It was crazy, right? That I could be a car thief? But I had recently watched a lot of crime dramas on TV. And I realized that I could legitimately be considered a person of interest. I was pretty sure I could not be convicted. But still. It was disconcerting to think that someone might consider me a potential criminal. I’m pretty harmless looking. People tend to trust me.
A week passed and no police officer called me so I mostly stopped worrying. Then the service manager called me again, asking the same questions as before. This time the police officer was at the dealership, taking the report.
“Do you want me to come in?” I asked. “I could show you where I parked.”
When I got to the dealership I sat in an office with two service managers and the police officer, a young, stocky guy with straight dark hair. (At this point I was making an effort to be more visually observant.)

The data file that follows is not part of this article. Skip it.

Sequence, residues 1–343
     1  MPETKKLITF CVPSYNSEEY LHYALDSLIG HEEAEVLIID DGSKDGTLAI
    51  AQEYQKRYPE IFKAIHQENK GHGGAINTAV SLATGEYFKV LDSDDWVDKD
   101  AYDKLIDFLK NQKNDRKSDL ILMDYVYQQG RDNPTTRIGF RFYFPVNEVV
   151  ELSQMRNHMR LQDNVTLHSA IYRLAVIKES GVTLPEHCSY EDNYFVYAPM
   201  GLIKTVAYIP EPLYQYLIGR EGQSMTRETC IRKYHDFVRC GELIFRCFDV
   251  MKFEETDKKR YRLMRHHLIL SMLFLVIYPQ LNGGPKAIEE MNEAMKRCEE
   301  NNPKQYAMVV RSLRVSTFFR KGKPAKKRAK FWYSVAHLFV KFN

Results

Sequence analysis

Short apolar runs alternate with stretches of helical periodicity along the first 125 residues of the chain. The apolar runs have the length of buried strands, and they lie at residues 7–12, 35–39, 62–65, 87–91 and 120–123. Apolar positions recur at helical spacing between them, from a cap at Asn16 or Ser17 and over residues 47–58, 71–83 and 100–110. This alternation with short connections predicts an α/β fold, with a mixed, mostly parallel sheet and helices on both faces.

Again, I was asked to describe the service adviser who I had talked to, and I just repeated what I said the first time. I didn’t think I could identify him, but maybe he was tall and thin, with light to medium colored hair, and with no facial hair.
I said, “He made a joke when he gave me the invoice.”
The police officer wasn’t too interested in that bit of intelligence, but one of the service managers, Jill, was playing detective.
“What was the joke?” she asked me.
“He said ‘I hope you brought all your money because this is gonna cost you!’”
The two managers looked at each other and then one said, “We only have two white guys working the service desk.”
He stuck his head out of the office and called for Matt.
“Is this him?” he asked me.
He was short with a solid build, with dark hair and a beard. Pretty much the exact opposite of my description of him. I didn’t recognize him at all.
“I don’t know,” I said.
“What joke do you make when a customer gets the recall done?” Jill asked him.
“I say ‘I hope you brought all your money because this is gonna cost you!’”
“That’s him,” I said.